In the Sukhmani Sahib, there's a special word 'rahau' meaning 'pause'. It carries deep significance in understanding the sacred teachings of Sukhmani Sahib. This text is cherished as the 'consoler of the mind' and the 'Jewel of Peace' among Sikhs. When people recite it, they often feel a calmness wash over them. 

Sukhmani Sahib 

Sukhmani Sahib is a fundamental scripture in the Sikh tradition, found in the Guru Granth Sahib. It beautifully imparts Sikh teachings in a clear and moving way, touching the hearts of its readers.

The special bani, made up of 24 sections called ashtpadis, starts with a call to the Supreme Being, known as adi-gure, jugadi-gure, sat-gure, and sri-gurdeve - the first guru, guru of all eras, the true guide, and the great Divine Guide. It advises that to find peace, one must regularly remember the Name - the Word of the Almighty. Guru Arjan Dev teaches that the path to understanding God is through Namsimran, or repeating God's Name.

As humans, we often get caught up in our desires and attachments, losing sight of the greater power that created us. This creates a sort of illusion, making us forget about the Creator. But by surrendering ourselves completely to the will of the Creator and seeking His grace, we can overcome negative traits like anger, greed, and attachment.

Practicing Namsimran, or repeating the name of the Divine, helps us purify ourselves and connect with the higher power. According to Guru Arjan Dev, the Brahmnjnani is someone who is free from these weaknesses. They are portrayed as individuals who fully merge with the Supreme Being, receiving the ultimate blessings from Waheguru. The eighth ashtapadi, or stanza, describes the qualities of a Brahmnjnani in detail.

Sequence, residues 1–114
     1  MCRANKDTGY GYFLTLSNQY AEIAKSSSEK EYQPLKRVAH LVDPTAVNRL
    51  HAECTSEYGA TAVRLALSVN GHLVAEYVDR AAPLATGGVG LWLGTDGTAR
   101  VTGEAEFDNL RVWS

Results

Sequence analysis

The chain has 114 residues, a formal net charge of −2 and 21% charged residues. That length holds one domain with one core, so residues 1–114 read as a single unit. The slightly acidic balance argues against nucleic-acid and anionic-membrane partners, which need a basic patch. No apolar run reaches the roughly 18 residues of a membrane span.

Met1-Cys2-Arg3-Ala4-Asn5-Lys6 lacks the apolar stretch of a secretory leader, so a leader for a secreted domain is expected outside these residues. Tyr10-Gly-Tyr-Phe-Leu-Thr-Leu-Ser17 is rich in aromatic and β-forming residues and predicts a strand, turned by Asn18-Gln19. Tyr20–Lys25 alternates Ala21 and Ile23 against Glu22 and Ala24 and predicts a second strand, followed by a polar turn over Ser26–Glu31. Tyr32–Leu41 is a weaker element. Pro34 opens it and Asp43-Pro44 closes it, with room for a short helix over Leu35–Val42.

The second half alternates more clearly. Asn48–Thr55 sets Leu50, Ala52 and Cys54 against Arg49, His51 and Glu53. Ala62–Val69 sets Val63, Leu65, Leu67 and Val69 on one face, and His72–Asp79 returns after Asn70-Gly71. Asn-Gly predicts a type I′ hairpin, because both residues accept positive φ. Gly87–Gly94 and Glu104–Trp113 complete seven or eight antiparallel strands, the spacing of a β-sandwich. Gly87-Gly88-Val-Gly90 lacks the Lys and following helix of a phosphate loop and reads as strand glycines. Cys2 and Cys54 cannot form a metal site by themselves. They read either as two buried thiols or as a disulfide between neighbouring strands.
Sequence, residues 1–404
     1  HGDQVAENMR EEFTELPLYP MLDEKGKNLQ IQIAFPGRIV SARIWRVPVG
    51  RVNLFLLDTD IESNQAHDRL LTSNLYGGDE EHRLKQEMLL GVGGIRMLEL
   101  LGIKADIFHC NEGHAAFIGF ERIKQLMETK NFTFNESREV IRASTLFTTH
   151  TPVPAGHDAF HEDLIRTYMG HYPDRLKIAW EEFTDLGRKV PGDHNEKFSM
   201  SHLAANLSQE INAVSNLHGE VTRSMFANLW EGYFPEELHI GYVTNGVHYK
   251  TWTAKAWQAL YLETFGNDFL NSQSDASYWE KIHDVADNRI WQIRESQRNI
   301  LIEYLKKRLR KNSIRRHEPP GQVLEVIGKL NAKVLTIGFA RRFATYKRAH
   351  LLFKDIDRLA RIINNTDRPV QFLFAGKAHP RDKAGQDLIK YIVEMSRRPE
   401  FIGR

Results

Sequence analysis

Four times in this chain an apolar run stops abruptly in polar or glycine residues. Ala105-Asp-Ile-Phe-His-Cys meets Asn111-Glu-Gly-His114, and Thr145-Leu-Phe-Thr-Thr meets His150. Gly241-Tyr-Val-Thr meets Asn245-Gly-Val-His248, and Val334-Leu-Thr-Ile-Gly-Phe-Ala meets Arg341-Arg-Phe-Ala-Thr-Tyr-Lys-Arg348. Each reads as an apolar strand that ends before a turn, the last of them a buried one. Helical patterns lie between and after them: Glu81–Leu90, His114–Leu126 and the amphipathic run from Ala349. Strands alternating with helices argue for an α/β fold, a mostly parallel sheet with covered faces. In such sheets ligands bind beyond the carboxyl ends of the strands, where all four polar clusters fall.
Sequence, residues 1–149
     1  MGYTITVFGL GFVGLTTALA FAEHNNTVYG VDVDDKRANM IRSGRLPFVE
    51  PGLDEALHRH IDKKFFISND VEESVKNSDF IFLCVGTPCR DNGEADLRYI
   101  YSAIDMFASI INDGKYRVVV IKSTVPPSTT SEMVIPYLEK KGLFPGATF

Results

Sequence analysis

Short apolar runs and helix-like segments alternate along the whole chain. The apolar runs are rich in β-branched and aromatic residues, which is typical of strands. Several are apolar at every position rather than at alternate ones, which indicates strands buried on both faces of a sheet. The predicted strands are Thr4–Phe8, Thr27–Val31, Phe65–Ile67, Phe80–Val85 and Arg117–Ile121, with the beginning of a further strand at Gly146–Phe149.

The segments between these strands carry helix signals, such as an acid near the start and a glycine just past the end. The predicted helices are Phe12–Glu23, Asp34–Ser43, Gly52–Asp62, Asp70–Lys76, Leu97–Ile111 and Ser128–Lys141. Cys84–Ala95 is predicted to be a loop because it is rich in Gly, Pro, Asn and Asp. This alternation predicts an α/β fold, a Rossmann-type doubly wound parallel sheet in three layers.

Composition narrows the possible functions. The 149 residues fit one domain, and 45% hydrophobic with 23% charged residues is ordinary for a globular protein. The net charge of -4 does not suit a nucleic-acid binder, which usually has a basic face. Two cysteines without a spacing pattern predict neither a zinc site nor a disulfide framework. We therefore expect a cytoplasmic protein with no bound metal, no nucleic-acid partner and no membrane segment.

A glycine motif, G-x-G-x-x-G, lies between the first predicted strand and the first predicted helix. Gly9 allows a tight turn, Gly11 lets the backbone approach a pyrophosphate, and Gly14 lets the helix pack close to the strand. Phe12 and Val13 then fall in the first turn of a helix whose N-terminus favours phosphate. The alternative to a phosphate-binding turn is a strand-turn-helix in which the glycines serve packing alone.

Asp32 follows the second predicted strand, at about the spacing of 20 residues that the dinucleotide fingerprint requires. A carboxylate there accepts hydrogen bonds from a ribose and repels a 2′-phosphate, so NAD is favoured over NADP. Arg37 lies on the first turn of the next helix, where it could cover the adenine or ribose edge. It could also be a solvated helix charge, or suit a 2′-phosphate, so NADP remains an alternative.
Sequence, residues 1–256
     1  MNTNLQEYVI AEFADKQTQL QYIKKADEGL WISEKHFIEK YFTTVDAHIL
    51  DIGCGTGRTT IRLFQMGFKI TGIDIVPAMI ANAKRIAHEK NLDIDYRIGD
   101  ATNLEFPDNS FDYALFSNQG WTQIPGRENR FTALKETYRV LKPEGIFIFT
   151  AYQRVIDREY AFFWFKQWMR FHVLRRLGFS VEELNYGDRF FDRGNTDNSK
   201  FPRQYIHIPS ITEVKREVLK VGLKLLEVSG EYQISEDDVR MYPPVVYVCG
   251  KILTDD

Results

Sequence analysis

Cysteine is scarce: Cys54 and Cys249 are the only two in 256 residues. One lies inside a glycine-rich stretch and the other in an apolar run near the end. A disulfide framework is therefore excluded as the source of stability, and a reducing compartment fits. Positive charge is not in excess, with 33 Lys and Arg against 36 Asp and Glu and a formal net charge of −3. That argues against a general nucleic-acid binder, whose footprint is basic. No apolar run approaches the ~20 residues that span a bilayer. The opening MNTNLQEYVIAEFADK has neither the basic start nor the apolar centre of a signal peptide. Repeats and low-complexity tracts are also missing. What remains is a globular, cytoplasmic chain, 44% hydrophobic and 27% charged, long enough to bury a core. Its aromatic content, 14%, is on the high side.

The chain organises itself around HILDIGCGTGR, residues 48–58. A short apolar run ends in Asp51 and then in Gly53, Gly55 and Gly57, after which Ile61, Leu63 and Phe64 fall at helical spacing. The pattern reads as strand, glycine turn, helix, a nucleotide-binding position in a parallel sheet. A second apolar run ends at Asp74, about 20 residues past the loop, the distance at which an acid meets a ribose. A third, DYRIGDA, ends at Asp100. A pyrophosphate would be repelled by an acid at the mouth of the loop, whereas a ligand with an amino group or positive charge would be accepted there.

jaisay jal meh kamal alayp.

barahm gi-aanee sadaa nirdokh.

jaisay soor sarab ka-o sokh.

barahm gi-aanee kai darisat samaan.

jaisay raaj rank ka-o laagai tul pavaan

"The Brahmnjnani is always unattached, as the lotus in the water remains detached; always unstained, like the Sun, which gives its comfort and warmth to all. He looks upon all alike, like the wind, which blows equally upon the king and beggar...To him friend and foe are the same...Within his mind, he is the most humble of all."

The Brahmnjnani, highly respected, is also known as gurmukh, sadhu, or saint. He holds the highest spiritual position, so much so that the Guru considers him the Supreme Being Himself - that's how deserving and holy he is. He is like the earth, valued equally by those who dig it with a shovel and those who adorn it with sandalwood. He is completely free from worldly attachments and puts all his trust in God. "The True One is on his mind, and the True One is upon his lips. He sees only the One. O Nanak, these are the qualities of the Brahmnjnani." This very Truth can be realised only in the company of realised persons but with His Grace only.

Sukhmani Sahib is a cherished prayer among Sikhs, often recited in the mornings. It was penned by Guru Arjan in Rag Gauri, aiming to comfort a devoted follower enduring immense suffering. Legend has it that upon hearing it, the devotee found solace and healing from both physical agony and emotional distress.

Those who embrace Sukhmani Sahib with love and devotion discover a profound sense of tranquility. Its verses have a remarkable ability to ease weary spirits, invigorate the mind, and uplift the soul. Ultimately, the prayer guides individuals towards personal growth and a deeper understanding of themselves.

*Based on an article by Kulbir Kaur, published in Times of India on 21st October 2011

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